May 26, 2020
COVID-19 survey shows resiliency, risk of regional businesses
CARBONDALE, Ill. — So far, most Southern Illinois small businesses are adapting and hanging tough despite the impact of the COVID-19 pandemic and the challenges it has brought, but “if disruption were to continue at the current rate, 40.2 percent of business owners reported that they may be at risk of permanent closure within 1-5 months.”
That’s one of the revelations of an online survey the Southern Illinois University Carbondale Research Park conducted recently that garnered more than 200 respondents. Now, the staff have studied the complete survey results and are creating programming and services specifically designed to help businesses at this difficult time as well as into the future.
Impact so far
Significant to the findings, 72 percent of those surveyed reported they had not laid off employees while 63 percent had not placed employees on furlough as a result of the impact from COVID-19. However, 67.9 percent reported their business revenues fell by 26 percent or more. Notably, among the respondents, those who have an online sales component reported an increase of nearly 27 percent in online sales.
Nevertheless, more than 70 percent said they need some type of gap funding to stay afloat through June 1. Most commonly, business owners have applied for gap finance assistance programs, particularly the Federal Paycheck Protection Program, which essentially can be a forgivable loan, and the Federal Small Business Administration Economic Injury Disaster Loan, which has a possible grant component.
Others have sought assistance through local banks or agencies.
Hundreds of responses
While the national and statewide impact of the coronavirus pandemic has been no secret, the goal of this survey was to assess the impact on businesses in the Southern Illinois region, according to Deborah Barnett, SIU Research Park associate director.
A total of 224 business owners from Franklin, Jackson, Jefferson, Perry and Williamson counties responded to the anonymous survey during the seven-day period it was posted. Some answered all of the questions while others responded to just some of the online questions between April 28 and May 4. Thus, the actual response numbers vary.
Several questions touched on the impact to business operations of the pandemic and stay-at-home directives enacted to combat the spread of the virus. The respondents were asked their feelings regarding various aspects of their businesses, what types of assistance could help them and what help they have sought or received.
The highest number of responses came from Williamson County with 97 and Jackson County with 76; Perry County followed with 22 and the remainder came from Franklin, Jefferson or another county not listed.
Among the SIU survey respondents, 67 percent report they are locally owned with two-thirds in business for 10 years or longer. More than half own their business property and most employ 2 to 5 full-time and 2 to 5 part-time employees.
Business owners report a number of challenges and concerns as a result of the pandemic, including loss of revenue, changes and reduction in hours, concerns about protecting the health and well-being of employees, and the loss of business and customer traffic.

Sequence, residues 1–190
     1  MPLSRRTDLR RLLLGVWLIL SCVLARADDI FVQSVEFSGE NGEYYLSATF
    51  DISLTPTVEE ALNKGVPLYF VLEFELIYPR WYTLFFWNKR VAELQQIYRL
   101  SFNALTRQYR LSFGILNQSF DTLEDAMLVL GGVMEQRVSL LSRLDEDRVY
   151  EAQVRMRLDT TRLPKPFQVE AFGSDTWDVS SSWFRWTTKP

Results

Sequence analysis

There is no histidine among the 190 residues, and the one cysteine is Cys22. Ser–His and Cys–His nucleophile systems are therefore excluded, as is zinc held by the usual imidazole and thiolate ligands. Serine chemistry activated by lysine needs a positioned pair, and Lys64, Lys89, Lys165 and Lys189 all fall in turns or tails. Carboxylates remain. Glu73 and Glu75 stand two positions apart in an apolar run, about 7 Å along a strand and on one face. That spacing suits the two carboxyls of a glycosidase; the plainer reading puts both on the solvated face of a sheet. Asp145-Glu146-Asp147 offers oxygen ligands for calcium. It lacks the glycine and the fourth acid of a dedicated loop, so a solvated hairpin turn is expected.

Universally, the respondents say they welcome more detailed information about financial assistance available to them.
There were some differences among respondents from the various counties. Some indicated penalty-free extensions for expenses would be a most helpful form of assistance while others preferred opportunities to talk with other business owners, social media technical training, information on marketing, or help with cash flow management.
Lynn Andersen Lindberg, executive director of the SIU Research Park and Office of Innovation and Economic Development, explained that the survey wasn’t just about taking the pulse of local businesses. The goal was to find out what concerns and problems area business owners are facing and how SIU and its economic development team can help.
"The impact of this pandemic will be felt in Southern Illinois for years to come,” Lindberg said. “Through our Research Park, Small Business Development Center, and other economic development resources, we will work with small businesses, regional stakeholders and local governments to not only adapt to the new business and economic circumstances but also to help them innovate and thrive in the future."
Companies wanting to learn more about the business services SIU offers can look online for the Illinois Small Business Development Center at SIU at https://sbdc.siu.edu/ or contact the center at 618/536-2424 or firstname.lastname@example.org.
Students assisted with research
Applied Research Consultants, a university organization comprised of graduate students and faculty in SIU’s psychology department, set up and analyzed the survey. Those involved in the project were, with hometowns:
- Stephen Berry, psychology doctoral candidate, Mountain Home, Arkansas.
- Christina Engelken, psychology doctoral candidate and project co-lead, Olathe, Kansas.
- Erika Kline, psychology doctoral candidate and project lead, Hagerstown, Maryland.
- Tanya Rajayah, psychology master’s student, Kota Kinabalu, Sabah, Malaysia.
- Doug Sneddon, psychology master’s student, Benton, Illinois.
The results will be sent to stakeholders and business owners and will also be posted on the SIU Research Park website and related sites.
SIU Chancellor John M. Dunn said the survey reflects the university’s commitment to serving the region and the state.
“The university stands ready to work with our representatives in Washington D.C., Governor JB Pritzker, the General Assembly, federal and state agencies and local community and business leaders to help businesses of all sizes successfully navigate through these unprecedented times for the betterment of our communities," Dunn said.